Micro Market Highlights from 2020

December 15, 2020

The COVID-19 pandemic overwhelmed the news cycle and impacted every industry in the United States and around the world in 2020. Despite the challenging year for micro market operators, they’ve learned how to adapt-and are well-equipped to apply these lessons in the year ahead.

Here’s a recap of the biggest news that impacted micro markets in 2020:

1. COVID-19 accelerates consumer demand for contactless, cashless payments and unattended retail.

Micro market operators were ahead of the curve on this one, as most operators already offered cashless payments to their customers; many also were already supporting contactless options. For those who needed to make the upgrade, technology suppliers were quick to assist operators in creating a safe environment for micro market customers to purchase food and beverages.

A study conducted by USA Technologies revealed that the rate of contactless payments rose 51% from January to July 2020. This evolution opens the door for operators to enroll micro market customers in loyalty programs and send curated promotions to influence purchasing behavior. When the first Amazon Go store opened in 2018, the concept of cashierless checkout was still novel. Today, there are 26 Go locations in Chicago, New York, San Francisco and Seattle. This year, Amazon moved further into the unattended retail space, piloting Amazon Go Grocery in the Seattle area and Amazon Fresh in Woodland Hills, California, with plans to expand and bring unattended retail to a wider consumer base. Quick service restaurants, grocery stores and convenience stores were among the many retail businesses embracing touch-free payments this year, pushing the concept further into mainstream acceptance.

For operators looking to diversify their accounts—and potentially expand beyond the break room—the growing demand for contactless payments and unattended retail presents an opportunity for growth in 2021.

2. Convenience service competitors upped their game.

With lockdowns and safer-at-home measures enforced across the U.S., many employers allowed employees to work from home in 2020. This displaced workforce required micro market operators to quickly adapt to meet the changing needs of consumers.

Operators tried different strategies, including launching snack delivery programs for employees working from home; upgrading and leveraging technology to gain insight into customers; and sourcing personal protective equipment (PPE) for their employees and customers. Savvy operators went the extra mile with customer service for their accounts, aware that their competitors were finding new ways to encroach into their space.

Restaurants expanded delivery and pickup options, hoping to recoup lost revenue from restrictions on indoor dining. Starbucks, for example, focused on contactless to-go and delivery ordering early in the pandemic, while independent and chain restaurants partnered with Uber Eats, DoorDash, Grubhub, and other delivery services, making meal delivery to workplaces and home offices more convenient. Convenience stores got in the delivery game and started offering contactless pickup and order-ahead services for customers. 7-Eleven is among the c-stores that expanded better-for-you product selection featuring emerging food and beverage brands. Ghost kitchens, or professional facilities set up for food preparation exclusively for delivery, enjoyed substantial growth this year. Uber Co-Founder Travis Kalanick spent more than $130 billion acquiring 40 properties in multiple cities for CloudKitchens, his ghost kitchens startup. And US Foods, Kroger and Chipotle are among the major brands now playing in this space, competing with the convenient meal solutions offered through micro markets. Several brands established or expanded direct-to-consumer offerings to serve customers wary of shopping in-store. Impossible Foods, PepsiCo and America’s Best Beverage all launched e-commerce sites to enable direct-to-consumer sales. Micro market operators need to be flexible and creative to respond to these threats not only during a pandemic, but also into 2021 and beyond.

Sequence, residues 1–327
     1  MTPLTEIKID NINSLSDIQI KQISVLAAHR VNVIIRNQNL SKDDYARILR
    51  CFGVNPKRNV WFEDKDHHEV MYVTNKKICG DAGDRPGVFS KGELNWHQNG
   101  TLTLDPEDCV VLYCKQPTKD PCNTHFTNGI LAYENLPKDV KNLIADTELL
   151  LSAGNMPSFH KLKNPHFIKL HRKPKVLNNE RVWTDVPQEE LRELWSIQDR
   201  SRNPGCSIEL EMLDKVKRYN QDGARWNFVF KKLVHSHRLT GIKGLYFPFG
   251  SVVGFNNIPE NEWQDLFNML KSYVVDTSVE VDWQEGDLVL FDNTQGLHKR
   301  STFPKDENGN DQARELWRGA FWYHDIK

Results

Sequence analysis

1. Acquisitions were mostly put on hold, but partnerships are thriving. The convenience services industry typically sees a healthy number of mergers and acquisitions in any given year. But 2020 was an exception.

Earlier in the year, industry experts advised against selling an operation during the economic downturn, noting that operators would get more bang for their buck once COVID-19 subsides. Now, nearing the end of 2020, some industry consultants are seeing the tide start to turn. But it’s still best for operators to proceed with caution. While major business transactions took a hit in 2020, many companies deepened relationships in the industry to make it through the pandemic. Michigan-based All Star Services partnered with LightSpeed Automation to be the first U.S. operator to offer LightSpeed’s home delivery program, giving customers a streamlined solution to provide employees the same snacks they can enjoy in the office while working from home. Cleveland-based D&S Vending teamed up with CLEANLIFE to distribute PPE to accounts, protecting both operators’ employees and their customers’ employees. Fixturelite, a supplier of micro market retail displays, seating, and design features, deepened collaborative partnerships with several industry businesses—Translucent, 365 Retail Markets and Minus Forty among them—to help operators design micro markets that serve the unique needs of each client, which is especially important in light of COVID-19. Such arrangements account for social distancing and touchless solutions; better still, the planning can be done virtually and safely.

Looking for other ideas that can create an exceptional experience for your micro market customers? Read more here.

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